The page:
Objective: To study the microbiology of cystic fibrosis in our hospital for the period from 1985 to 1992.
Material and methods: The number of samples analyzed totalled 1,034, most of which were sputum and nasopharyngeal aspirates belonging to 113 patients (49 women and 64 men). The average age was 10 years (range: 15 days-33 years).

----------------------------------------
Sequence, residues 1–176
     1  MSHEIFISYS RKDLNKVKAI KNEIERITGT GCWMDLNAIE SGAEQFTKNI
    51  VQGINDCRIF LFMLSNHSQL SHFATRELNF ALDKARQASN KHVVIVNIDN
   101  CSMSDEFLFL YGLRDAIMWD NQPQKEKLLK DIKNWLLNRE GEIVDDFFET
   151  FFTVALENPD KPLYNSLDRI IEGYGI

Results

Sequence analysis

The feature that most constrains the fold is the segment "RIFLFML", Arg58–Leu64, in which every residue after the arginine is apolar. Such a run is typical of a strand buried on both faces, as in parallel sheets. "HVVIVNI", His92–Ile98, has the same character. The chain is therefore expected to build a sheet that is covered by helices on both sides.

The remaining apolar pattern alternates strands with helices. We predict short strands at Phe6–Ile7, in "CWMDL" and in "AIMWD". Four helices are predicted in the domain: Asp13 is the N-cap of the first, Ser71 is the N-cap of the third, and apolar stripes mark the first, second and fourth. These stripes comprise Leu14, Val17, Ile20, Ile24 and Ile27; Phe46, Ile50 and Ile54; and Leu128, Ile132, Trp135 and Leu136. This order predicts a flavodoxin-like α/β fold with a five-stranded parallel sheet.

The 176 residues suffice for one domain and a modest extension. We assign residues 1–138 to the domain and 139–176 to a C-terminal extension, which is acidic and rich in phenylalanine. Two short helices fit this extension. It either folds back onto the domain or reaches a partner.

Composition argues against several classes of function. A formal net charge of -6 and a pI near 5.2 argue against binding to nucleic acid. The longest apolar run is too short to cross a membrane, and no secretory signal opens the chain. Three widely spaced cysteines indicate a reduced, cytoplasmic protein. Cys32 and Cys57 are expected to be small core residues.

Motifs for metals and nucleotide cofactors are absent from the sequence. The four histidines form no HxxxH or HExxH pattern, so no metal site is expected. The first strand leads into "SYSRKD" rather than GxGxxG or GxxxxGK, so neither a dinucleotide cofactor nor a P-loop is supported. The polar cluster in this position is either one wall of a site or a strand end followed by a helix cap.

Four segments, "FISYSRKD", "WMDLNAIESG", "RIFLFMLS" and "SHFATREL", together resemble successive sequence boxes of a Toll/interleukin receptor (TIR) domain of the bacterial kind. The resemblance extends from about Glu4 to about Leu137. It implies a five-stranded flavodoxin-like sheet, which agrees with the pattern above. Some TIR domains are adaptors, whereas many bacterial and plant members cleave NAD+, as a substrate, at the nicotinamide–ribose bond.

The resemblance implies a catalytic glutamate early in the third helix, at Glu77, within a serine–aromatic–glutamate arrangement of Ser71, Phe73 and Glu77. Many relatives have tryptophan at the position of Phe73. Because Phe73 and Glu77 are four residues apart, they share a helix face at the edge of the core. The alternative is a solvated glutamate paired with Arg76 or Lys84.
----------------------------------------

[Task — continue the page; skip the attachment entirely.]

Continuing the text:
Results and discussion: Only 1.7% of the samples were negative. Normal flora were found in 10.8% and one or more potentially pathogenic microorganisms were found in the remaining 87.4%. Colonies were over 10(6) UFC/ml in size in 77.8% of the quantified cultures. The most frequently identified microorganisms in the population overall were P. aeruginosa (53.9%), S. aureus (30.3%) and H. influenzae (22.0%). In patients less than 12 months old, however, the most common isolations were of S. pneumoniae and B. catarrhalis; cultures from patients older than 16 years old most often yielded filiform fungi, mainly Aspergillus spp. We found no strains of Legionella spp. and P. cepacia was found in only 3 cases, in which the clinical outcome was good. In addition to the 3 most common organisms, we recorded several consecutive isolations of Proteus mirabilis, Xanthomonas maltophilia and Serratia marcescens in patients older than 11 years old; this finding suggests that given the improved survival of cystic fibrosis patients over the coming years and the antibiotic pressure placed on them, there may be slight changes in the bacterial ecology typical of this disease. No strain of S. aureus proved resistant to methicillin, but P. aeruginosa was shown to be resistant to gentamycin (58.2%) among the aminoglycosides and also to some of the beta-lactams considered to be effective, as follows: 25.2% to piperacillin, 22.6% to ceftazidime and even 19.8% to aztreonam. There was slight resistance of ciprofloxacin (6.3%).